Why the movie ‘Room’ should have won Best Picture

Alaina Galasso, Editor-In-Chief

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We are extremely privileged. We often don’t recognize it because we are so constantly distracted by daily worries and issues, but many of us have a lot in our lives that we take for granted. The house we rely on for safety. The loving people we have by our sides. Our freedom. While watching the critically acclaimed film, Room, I started to finally fathom how privileged I really am and was in awe of the steadfast willpower of those who have endured true hardship.

Very few people are often in the mood for dark movies, but oddly they are always the ones that leave the greatest impact on us. When I heard what Room was about, I knew I wanted to see it, but I wasn’t sure when I would be ready for that level of deep, thought-provoking material. After watching it, however, I was amazed by the surprisingly light feeling it left me with.

Room tells the story of a woman, Joy, who was kidnapped and held captive by a man for seven years. Joy and her son, Jack, who is conceived during her imprisonment, are confined to a small shed that they call “Room” for the entirety of these years. The man is the only one who knows the code for the door and the rest of the world has no clue that the pair is trapped there. In order to keep Jack sane, Joy convinces him that the whole world is held within that tiny room since he has no evidence to believe otherwise.

This story, based off of true events, is in my opinion one of the most powerful stories I have ever encountered. It is raw, emotional, unbelievable at points and incredibly inspiring. It was important that the movie portrayed the story with the amount of potency it deserved, and director Lenny Abrahamson did just that. The relationship between Joy, portrayed by Academy Award winning Brie Larson, and Jack, portrayed by young rising actor Jacob Tremblay, was both believable and immensely heart wrenching. Larson brought a quiet sense of strength to the role, along with a visible devotion and desire to protect her character’s son. Tremblay, on the other hand, brought an astonishing depth to what I would call the most important and difficult character in the whole film. Jack is subject to these horrors from his birth onwards and it is imperative that the actor portraying him shows his transition to eventually comprehending that there is an entirely different world outside of what he has been convinced of to be true. Tremblay was only eight years old when the movie was filmed and yet he played the role in a way that no one else ever could have. His acting was almost too real to watch at points, bringing both the curiosity of a young child and the trauma’s he has endured to life on screen.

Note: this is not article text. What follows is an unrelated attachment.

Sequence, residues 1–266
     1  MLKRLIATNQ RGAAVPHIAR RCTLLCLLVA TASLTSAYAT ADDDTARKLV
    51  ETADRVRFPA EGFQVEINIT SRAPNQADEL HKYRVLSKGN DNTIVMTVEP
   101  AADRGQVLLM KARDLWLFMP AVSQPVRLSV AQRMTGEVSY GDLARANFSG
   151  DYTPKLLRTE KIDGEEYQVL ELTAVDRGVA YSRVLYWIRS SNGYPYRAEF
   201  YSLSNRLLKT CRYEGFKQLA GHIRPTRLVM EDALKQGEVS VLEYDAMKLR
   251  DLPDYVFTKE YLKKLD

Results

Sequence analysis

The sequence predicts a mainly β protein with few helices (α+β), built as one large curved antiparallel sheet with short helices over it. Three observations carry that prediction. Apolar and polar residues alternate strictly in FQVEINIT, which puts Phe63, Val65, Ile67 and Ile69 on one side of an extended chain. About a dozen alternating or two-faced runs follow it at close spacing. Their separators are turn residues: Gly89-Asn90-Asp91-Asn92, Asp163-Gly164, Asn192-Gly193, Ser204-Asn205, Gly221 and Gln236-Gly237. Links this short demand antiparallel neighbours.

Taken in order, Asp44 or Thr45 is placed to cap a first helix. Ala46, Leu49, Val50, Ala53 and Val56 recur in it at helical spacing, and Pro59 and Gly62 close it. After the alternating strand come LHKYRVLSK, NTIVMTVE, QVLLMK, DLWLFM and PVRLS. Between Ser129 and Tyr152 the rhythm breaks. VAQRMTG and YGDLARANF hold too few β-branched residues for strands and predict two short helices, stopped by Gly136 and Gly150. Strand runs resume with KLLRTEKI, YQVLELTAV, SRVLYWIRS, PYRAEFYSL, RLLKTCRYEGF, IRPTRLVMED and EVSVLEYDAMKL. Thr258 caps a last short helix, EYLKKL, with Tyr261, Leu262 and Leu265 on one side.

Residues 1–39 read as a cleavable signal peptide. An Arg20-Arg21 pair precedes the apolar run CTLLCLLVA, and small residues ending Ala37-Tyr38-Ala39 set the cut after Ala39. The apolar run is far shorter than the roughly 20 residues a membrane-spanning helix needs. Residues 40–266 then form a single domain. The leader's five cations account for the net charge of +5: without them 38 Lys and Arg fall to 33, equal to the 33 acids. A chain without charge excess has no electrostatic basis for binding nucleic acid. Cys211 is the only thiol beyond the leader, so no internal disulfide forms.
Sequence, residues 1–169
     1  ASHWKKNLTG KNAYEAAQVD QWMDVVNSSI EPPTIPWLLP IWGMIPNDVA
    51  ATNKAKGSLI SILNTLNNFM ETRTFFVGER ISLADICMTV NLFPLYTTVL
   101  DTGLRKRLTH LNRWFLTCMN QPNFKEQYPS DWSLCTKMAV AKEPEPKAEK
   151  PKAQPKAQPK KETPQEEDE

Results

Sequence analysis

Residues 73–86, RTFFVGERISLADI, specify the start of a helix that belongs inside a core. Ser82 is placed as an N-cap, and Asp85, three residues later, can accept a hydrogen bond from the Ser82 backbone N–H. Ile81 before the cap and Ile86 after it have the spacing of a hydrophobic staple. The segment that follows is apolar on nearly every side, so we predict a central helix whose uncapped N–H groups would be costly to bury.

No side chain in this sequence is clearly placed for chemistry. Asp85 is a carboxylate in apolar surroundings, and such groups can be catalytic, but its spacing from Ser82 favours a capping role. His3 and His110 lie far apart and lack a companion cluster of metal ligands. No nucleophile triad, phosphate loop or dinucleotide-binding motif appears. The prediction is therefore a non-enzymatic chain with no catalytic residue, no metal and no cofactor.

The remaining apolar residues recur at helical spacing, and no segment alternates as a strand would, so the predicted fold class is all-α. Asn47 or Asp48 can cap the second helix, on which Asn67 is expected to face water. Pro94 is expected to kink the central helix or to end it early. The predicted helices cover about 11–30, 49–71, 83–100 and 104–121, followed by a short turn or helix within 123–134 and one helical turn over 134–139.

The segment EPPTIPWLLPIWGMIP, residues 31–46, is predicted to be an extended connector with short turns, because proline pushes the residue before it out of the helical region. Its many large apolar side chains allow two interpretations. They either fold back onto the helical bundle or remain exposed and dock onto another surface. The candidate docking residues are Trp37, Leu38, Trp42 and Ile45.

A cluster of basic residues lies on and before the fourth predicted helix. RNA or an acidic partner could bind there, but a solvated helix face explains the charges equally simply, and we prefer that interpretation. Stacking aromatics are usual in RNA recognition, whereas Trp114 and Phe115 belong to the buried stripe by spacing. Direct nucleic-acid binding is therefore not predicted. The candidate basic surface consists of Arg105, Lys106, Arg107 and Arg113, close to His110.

I legitimately could not turn away from the screen for a second while watching Room. From the beginning on, I was hooked into this unimaginable story. It is crazy to think that this mother endured so much and yet still had the strength to protect her son. Her intelligence and courage, shown in her every action to save Jack and portrayed so honestly by Larson, left me utterly speechless. The movie didn’t need many special effects or other in depth characters, because the Larsona and Tremblay as the two leads were so inspiring on their own. The simplicity of the costuming and set made the whole story just that much more realistic.

Overall, Room makes me a lot more thankful that I haven’t had the hardships that many people have had in their lifetime and for that reason I would recommend it to anyone I know in a heartbeat. It is so important to have strength in any situation and to be appreciative, and Room made me realize that after one watch. Room is hands down the best movie I have seen this year and one that is going to leave a lasting impression on me for many years to come.

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